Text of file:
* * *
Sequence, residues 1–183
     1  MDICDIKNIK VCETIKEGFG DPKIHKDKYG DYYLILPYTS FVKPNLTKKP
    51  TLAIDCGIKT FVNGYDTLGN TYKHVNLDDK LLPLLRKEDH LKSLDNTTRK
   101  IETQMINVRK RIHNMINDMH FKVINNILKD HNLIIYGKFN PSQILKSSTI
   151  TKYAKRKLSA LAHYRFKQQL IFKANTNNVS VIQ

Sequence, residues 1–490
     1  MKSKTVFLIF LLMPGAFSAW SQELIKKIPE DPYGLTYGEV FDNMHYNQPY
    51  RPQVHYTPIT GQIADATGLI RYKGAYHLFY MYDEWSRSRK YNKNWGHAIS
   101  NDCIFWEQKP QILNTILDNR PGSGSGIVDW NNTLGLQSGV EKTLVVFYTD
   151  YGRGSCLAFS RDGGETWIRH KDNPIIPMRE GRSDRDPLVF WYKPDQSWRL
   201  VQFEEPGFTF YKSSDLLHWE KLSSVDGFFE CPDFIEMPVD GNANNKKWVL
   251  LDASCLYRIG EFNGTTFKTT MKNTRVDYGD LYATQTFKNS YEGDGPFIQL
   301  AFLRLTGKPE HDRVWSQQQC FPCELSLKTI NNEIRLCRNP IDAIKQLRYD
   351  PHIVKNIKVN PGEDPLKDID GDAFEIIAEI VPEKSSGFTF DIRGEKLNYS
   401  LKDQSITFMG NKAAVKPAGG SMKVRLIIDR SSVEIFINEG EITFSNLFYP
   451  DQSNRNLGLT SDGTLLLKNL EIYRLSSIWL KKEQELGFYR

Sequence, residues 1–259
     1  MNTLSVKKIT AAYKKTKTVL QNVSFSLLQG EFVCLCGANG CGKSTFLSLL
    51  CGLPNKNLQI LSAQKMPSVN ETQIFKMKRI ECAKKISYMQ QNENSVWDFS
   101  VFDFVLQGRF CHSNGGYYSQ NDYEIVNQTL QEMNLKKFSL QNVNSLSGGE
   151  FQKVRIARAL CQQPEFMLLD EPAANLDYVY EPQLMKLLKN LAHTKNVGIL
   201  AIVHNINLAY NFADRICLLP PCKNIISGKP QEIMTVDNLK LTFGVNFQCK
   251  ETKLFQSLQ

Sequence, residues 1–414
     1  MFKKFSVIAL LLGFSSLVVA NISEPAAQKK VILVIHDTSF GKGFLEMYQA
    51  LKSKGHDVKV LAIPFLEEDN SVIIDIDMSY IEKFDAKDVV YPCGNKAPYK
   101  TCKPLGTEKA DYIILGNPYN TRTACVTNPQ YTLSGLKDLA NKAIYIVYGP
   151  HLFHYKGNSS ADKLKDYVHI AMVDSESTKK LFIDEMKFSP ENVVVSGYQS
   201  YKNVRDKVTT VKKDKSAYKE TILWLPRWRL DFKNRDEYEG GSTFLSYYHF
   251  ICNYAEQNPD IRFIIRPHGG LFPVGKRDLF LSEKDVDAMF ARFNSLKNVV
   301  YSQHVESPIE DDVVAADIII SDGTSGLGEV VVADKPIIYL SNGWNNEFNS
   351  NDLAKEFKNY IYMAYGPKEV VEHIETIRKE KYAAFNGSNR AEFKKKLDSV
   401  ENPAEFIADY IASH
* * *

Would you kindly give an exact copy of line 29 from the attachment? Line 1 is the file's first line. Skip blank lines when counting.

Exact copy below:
   201  YKNVRDKVTT VKKDKSAYKE TILWLPRWRL DFKNRDEYEG GSTFLSYYHF